Negative emotions are a part of life and grief; however, if we give a place in our hearts and minds for these emotions to fester, they will gain strength and lead to other negative feelings. As a result we begin to emotionally spiral downward. Dwelling on them allows them to become part of our character and to literally define us. Learning how to redirect negative emotions by acting on Principles and Values helps move past them and move forward in our healing.
Despair is the opposite of hope. When our lives are turned upside down the response can often be to feel despair. Unchecked despair can turn to situational depression. Many individuals who are already predisposed to clinical depression find themselves thrust downward by the death of a loved one. Because depression has biological, physiological, and behavioral components medical help is often required in conjunction with steps to combat feelings of despair.
Feelings of loneliness are impossible to avoid with the death of a spouse. Those feelings are a testament to the love that we felt for them. However, loneliness can become a crippling problem if we choose to withdraw from others in an attempt to protect ourselves. Conversely loneliness can lead to problems when we seek to fill the void is left by the death of our spouse with substance abuse or unhealthy relationships. Loneliness is useful in the extent that it can help us feel empathy toward others and can lead us to reach out and help those who are also suffering.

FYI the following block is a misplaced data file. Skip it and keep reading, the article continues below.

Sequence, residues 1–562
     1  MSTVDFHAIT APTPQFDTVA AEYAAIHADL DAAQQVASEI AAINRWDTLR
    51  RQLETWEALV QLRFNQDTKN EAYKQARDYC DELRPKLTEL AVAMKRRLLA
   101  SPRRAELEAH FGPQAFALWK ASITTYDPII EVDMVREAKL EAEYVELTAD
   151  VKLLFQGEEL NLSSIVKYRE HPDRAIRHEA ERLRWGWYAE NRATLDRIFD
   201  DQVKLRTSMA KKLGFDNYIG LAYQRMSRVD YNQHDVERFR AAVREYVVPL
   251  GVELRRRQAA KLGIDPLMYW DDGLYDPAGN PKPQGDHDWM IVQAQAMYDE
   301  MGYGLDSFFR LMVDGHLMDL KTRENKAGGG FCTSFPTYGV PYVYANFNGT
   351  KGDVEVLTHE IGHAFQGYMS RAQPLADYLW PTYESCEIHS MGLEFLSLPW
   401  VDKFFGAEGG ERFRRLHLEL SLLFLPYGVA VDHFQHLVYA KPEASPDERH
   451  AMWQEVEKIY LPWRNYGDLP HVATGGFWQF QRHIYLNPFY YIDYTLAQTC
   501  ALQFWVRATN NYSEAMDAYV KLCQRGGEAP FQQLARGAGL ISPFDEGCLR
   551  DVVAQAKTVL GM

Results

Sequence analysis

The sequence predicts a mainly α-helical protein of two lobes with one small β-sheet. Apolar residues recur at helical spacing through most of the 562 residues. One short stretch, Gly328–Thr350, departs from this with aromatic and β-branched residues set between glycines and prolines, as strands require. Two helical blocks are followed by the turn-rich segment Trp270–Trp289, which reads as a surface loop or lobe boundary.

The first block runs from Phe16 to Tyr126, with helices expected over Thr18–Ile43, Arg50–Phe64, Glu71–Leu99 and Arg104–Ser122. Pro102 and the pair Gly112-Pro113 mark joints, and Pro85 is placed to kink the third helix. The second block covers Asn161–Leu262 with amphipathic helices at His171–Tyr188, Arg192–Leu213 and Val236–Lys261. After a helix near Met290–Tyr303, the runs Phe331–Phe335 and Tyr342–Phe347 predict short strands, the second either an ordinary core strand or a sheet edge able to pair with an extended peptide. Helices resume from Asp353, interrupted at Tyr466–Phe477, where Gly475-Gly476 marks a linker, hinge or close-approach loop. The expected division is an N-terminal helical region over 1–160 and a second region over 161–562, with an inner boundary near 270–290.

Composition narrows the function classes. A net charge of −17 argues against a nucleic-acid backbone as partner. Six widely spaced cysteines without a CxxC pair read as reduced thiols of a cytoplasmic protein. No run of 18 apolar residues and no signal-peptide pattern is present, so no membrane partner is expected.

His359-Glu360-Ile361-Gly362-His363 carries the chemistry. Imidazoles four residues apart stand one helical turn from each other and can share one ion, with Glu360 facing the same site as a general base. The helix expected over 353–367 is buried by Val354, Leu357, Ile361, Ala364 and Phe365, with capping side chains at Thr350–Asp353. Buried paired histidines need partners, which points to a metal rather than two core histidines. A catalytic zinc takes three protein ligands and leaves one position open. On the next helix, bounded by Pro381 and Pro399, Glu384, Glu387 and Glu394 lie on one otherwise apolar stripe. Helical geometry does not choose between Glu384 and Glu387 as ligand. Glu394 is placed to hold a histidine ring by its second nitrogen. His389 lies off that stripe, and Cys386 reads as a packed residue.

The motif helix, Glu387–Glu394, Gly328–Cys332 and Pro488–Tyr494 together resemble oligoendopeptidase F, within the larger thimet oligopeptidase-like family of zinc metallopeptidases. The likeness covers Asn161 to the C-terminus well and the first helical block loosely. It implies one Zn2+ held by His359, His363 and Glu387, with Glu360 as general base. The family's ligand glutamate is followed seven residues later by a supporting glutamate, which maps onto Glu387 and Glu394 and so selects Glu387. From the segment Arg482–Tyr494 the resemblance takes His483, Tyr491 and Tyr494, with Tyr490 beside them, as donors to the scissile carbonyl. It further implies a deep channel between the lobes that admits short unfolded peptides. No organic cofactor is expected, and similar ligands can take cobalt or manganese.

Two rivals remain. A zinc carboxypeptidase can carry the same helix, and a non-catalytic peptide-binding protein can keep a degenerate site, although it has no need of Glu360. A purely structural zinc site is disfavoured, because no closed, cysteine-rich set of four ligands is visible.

Fear is the result of focusing on events that may occur in the future. It happens when our faith fails. It is the result of pulling real pain from the past or imagined pain and projecting it on what might be. Choosing to stay present and building our faith in God can help us combat fear.
Regret is a normal part of losing a loved one. Thoughts can easily go to the past with statement such as “I could have…” “I should have…” “I wish I would have…” done something different. These thoughts can paralyze action in the present. We can learn from our past, but we cannot change it. Learning to cope and deal with feelings of regret is critical for effectively moving forward.
Anger is a normal stage of grief. We may feel angry with our spouse, someone who is responsible for his or her death, or even at God. Anger if embraced will lead to bitterness and hate. These emotions destroy our character and our relationships. Learning how to redirect thoughts of anger aid us in feeling the spirit and moving forward in healing.
When we feel we have been left without comfort and support feelings of abandonment can take over. Abandonment can take on many forms. Individuals who have suffered with spousal infidelity, abuse, depression, or suicide may have very strong feelings of abandonment based on their past experiences. Other may feel abandoned simply because of the death, asking questions such as, “How could you leave me?” Still others feel abandoned by God. Coping with feelings of abandonment will prevent stronger feelings of anger and depression from taking root.